Acanthamoeba keratitis can develop sporadically among people who wear water-contaminated contact lenses or have had corneal trauma. Outbreaks are possible owing to manufacturing and distribution of lens cleaning solutions that are either contaminated or impotent. [9] Keratitis has been associated with wearing nondisposable contact lenses, using homemade sodium chloride solution to clean the lenses, and wearing lenses while swimming and showering. The isolation of Acanthamoeba cysts from swimming pool water is not unusual, as they resist chlorination. A higher percentage of isolates from swimming pools have been shown to be pathogenic than those isolated from natural fresh water.

More than 90% of the approximately 150 reported cases of GAE have occurred among immunocompromised persons, including those with AIDS, [10] organ transplantation, systemic lupus erythematosus, diabetes mellitus, individuals receiving steroid therapy, and persons with cancer who are receiving chemotherapy. [11] Likewise, persons with disseminated disease without CNS involvement usually are immunocompromised; this condition is most common among AIDS patients with low CD4 counts (eg, < 200 cells/µL), patients who have undergone organ transplantation, and those with long-term steroid use. [12, 13] Rarely, disseminated disease can develop in immunocompetent children and adults. The incidence of GAE and disseminated disease appears to be rising, likely mirroring the increased number of individuals worldwide who are living with immunocompromising conditions.




Acanthamoeba keratitis cases substantially increased in the 1980s with the introduction of disposable soft contact lenses. [14] Some evidence shows that the rate has subsequently declined, especially with the introduction of multipurpose cleaning solutions. The estimated rate of Acanthamoeba keratitis is 1 per 250,000 people in the United States, although rates vary among studies: from 1.65-2.01 per million population up to 1 per 10,000 people who wear contact lenses. [15, 16]  Worldwide, the annual incidence ranges from 0.15 per million to 1.4 per million.

GAE and disseminated Acanthamoeba infections are very rare, but rates may be increasing given the rising number of persons living with immunocompromising conditions. Data on the incidence of GAE and disseminated disease caused by Acanthamoeba  are not available, as these are not reportable diseases.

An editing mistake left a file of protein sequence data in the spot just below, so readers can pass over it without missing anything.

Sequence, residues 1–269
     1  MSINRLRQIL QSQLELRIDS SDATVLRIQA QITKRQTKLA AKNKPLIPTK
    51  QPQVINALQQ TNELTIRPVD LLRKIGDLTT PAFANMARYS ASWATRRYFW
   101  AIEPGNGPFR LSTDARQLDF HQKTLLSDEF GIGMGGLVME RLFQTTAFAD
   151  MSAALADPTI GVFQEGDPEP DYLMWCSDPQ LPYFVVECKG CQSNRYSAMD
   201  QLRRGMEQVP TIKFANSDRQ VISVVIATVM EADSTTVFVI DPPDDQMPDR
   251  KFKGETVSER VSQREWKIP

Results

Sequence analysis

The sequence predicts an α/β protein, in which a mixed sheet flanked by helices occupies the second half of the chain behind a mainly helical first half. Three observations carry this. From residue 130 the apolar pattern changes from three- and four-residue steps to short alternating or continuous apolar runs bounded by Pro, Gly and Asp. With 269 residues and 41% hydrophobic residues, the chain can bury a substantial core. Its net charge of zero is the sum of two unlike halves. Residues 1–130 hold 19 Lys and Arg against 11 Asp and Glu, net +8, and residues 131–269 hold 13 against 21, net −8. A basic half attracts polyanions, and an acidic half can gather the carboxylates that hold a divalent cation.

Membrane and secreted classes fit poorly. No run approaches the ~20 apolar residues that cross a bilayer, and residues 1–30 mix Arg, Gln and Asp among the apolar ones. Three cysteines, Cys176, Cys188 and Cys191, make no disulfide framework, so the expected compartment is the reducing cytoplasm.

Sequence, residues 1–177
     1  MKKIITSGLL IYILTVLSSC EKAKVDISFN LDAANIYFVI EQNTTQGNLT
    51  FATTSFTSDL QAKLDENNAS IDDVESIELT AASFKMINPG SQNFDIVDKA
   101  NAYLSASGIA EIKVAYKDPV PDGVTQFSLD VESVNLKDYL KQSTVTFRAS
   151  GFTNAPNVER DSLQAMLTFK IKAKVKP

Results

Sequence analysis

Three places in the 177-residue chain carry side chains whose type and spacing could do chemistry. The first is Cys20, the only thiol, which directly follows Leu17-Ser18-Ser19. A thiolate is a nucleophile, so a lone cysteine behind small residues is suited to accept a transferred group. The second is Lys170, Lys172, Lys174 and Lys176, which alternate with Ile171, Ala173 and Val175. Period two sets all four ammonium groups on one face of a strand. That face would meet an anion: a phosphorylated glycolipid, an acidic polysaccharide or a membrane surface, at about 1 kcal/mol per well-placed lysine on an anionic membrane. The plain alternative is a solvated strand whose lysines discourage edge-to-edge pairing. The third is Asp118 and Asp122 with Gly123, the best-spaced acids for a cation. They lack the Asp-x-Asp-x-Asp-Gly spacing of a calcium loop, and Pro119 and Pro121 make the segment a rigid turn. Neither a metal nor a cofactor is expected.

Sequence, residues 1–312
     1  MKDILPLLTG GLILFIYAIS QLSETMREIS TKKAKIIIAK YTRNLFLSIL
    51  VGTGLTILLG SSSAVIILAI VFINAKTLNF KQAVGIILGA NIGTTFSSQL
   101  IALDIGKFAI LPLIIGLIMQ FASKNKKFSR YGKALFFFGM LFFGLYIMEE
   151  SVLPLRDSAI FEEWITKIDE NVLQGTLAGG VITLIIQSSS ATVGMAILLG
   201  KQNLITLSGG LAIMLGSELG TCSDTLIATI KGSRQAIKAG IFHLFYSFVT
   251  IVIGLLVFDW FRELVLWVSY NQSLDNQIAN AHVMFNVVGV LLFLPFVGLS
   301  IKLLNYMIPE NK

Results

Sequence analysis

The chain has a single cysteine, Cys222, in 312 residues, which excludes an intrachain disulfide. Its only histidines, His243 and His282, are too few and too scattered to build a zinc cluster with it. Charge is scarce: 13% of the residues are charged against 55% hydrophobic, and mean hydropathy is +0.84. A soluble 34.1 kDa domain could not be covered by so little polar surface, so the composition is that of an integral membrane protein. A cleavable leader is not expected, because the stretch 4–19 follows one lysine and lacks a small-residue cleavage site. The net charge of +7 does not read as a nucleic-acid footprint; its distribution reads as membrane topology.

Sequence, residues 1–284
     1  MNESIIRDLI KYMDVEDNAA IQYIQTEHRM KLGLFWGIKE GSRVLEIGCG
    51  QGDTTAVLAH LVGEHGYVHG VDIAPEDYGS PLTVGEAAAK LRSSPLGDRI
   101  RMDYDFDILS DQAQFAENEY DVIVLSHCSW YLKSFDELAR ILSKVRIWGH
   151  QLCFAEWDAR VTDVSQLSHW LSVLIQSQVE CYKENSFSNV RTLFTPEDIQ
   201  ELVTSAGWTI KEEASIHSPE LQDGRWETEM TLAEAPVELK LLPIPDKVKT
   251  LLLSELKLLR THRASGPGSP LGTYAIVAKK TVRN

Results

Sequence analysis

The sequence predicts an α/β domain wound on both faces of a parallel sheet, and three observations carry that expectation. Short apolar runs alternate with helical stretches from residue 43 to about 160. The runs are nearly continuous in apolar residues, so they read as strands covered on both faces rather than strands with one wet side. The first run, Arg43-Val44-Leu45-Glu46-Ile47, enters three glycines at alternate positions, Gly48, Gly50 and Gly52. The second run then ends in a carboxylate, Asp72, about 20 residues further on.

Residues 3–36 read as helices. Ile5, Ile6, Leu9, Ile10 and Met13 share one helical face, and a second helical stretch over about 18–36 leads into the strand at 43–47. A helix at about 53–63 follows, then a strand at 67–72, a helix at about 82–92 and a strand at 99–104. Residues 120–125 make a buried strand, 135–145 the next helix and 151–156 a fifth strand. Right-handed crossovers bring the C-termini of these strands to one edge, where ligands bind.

Acanthamoeba keratitis is a local infection that may be complicated by progressive visual loss, ulceration, secondary anterior uveitis with hypopyon, abscess formation, scleritis, glaucoma, cataract, and corneal melt and perforation. Ocular prognosis is worsened by delay in therapy for more than 3 weeks, use of steroids, and development of extracoronal manifestations. [17] Current drugs have limited efficacy unless used early in the clinical course.

GAE carries a very high mortality rate (nearly 100%). GAE tends to progress slowly, leading to death several weeks to months after onset of symptoms. Survivors of GAE have been described; these patients were treated with combination antimicrobial therapies. Disseminated disease also carries a high mortality rate, which is increased in cases of CNS involvement.



The prognosis of Acanthamoeba keratitis depends on the timing of recognition and therapy. Patients with symptoms that last for more than 3 weeks have a higher risk of long-term visual loss and complications.

The prognosis of GAE and disseminated disease is very poor, and worsened by late diagnosis, degree of immunosuppression, and marginally effective therapies. GAE carries a high mortality rate (nearly 100%). Most cases are fatal in 7-120 days (mean, 39 days).

Disseminated disease with skin involvement (no CNS disease) is associated with a high mortality rate (73%).


Patient Education

Patients who wear contact lenses should be educated about the risks of improper use and management of contact lenses. Contact lens wearers should avoid using homemade sodium chloride solutions and swimming while wearing contact lenses. Patients should consult manufacturer's guidelines regarding cleaning instructions.